As told by: Marion J. (Reid) Robinson

The pioneers have plenty of “Blizzard” stories. This one from the Melita History is told by Marion Robinson. (Miss Reid, to her students at West Brenda School, back in 1918.)

Although she boarded with the Charles Smith family, she had spent a March weekend in Melita as she often did. In those days ten kilometres was much too far to commute daily.

We’ll let her tell us what happened.

When I arrived that morning, a light misty rain was falling, and the wind was rising. I had a strange feeling of foreboding when I could not see any of the children. However, when I entered the school I found Harry and Jack VanKleek, and Cora Moore. Around 11 o'clock I was amazed to find, on looking out the window, that I couldn't see even the pump, which was quite close to the school.

My mother had wanted me to take lunch from home, but I told her my pupil, Viola Smith, would bring it as I stayed with Mr. and Mrs. Charles Smith; but that was the one day in two and a half years that Viola didn't come to school. At noon the children offered to share their lunches with me, but I didn't like the look of the storm, and only accepted part of a sandwich.

West Brenda School
Miss Ried was a teacher at West Brenda School, located just west of Napinka. It opened in 1882 and was one of the first schools in the region.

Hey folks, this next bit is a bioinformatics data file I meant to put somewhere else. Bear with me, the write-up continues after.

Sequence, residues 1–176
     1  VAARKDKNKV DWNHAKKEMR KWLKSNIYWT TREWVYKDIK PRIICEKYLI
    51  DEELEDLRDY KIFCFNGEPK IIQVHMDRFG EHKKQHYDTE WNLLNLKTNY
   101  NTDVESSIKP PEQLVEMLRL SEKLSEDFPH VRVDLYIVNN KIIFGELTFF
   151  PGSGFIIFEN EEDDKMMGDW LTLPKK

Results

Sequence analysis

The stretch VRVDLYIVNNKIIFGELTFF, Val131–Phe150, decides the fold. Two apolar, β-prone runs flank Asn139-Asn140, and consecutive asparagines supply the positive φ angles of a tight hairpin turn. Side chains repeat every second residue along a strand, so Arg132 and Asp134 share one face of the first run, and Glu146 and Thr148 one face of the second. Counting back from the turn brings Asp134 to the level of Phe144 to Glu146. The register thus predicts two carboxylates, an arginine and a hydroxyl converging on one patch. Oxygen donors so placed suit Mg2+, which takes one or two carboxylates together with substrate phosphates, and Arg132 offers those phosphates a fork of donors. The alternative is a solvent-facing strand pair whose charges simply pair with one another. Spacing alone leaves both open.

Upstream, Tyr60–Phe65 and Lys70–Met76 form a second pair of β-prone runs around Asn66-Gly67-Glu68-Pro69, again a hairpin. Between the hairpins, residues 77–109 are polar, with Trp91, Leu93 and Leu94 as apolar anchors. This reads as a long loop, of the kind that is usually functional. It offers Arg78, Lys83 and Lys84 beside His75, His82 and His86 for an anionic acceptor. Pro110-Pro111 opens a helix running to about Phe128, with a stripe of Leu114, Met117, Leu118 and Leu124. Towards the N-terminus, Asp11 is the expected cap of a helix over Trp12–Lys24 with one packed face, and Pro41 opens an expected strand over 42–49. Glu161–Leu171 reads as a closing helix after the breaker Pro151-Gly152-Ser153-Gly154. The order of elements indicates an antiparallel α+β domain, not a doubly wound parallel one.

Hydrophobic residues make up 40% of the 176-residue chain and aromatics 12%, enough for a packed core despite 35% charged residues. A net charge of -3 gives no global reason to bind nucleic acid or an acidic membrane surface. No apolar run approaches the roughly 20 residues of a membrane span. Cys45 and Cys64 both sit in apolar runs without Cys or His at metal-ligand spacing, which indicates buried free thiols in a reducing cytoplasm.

The storm got worse and worse as the day wore on. At four o ' clock, Harry and I went to the door and opened it. The snow hit us with such force we were gasping and I could not see my hand, which I held out the door. It took the two of us to force the door shut, and I told Harry that no one would be leaving the school. We carried in coal, which was in a little shed opening into the porch, and piled it around the stove. We sat around and talked, and I tried to keep their thoughts off the storm. At supper time, the children ate what they had left of their lunches - still offering to share with me, but I knew they hadn't much left. I told them I wasn't hungry, and I really was too worried to be hungry. After it got dark, and we had no light, and no water, I told the children to try to find a comfortable position at their desks and try to sleep.

It was a terrifying night. There was a long string of shaky stove pipes almost the length of the room, and with each terrific impact of the wind they shuddered and groaned. I wondered how we could ever find the low flat-roofed barn surrounded by high snowdrifts, if the pipes fell and the school took fire. The dark noisy night slowly spent itself, and day dawned to shrieking wind. As soon as the light was good enough around 8:30 a. m., I started the children to work to keep their minds off their hunger and loneliness.

I was standing by the window when I saw a horse's head brush by, and I will never forget how the terrible load of worry lifted from my shoulders. I hadn't realized how dreadfully lonely I was, and how frightened I had been for the children.

Mr. VanKleek took the team to the barn, and Mr. Moore, looking like a snowman with ice-coated face, opened the door. In a scared voice he said, "Is everyone here"? I was thankful to be able to answer, "Yes."

They made their way to the school by keeping the wind in their backs, but didn't know where they were till they ran into the trees across the road from the school. They brought us food, and tea to drink, and stayed till Mr. Smith came for me at 2:30 p. m. He had to dig his barn out of the snow to get the horses out.

The school was closed for a week, but to this day on a soft March morning with a fine snow falling, the old fear for the school children comes back to haunt me.

. . . . .

Author: Marion Robinson

Melita - Arthur History Committee. Melita: Our First Century. Altona. Friesen Printers, 1983. pp 106


Above source: pp 263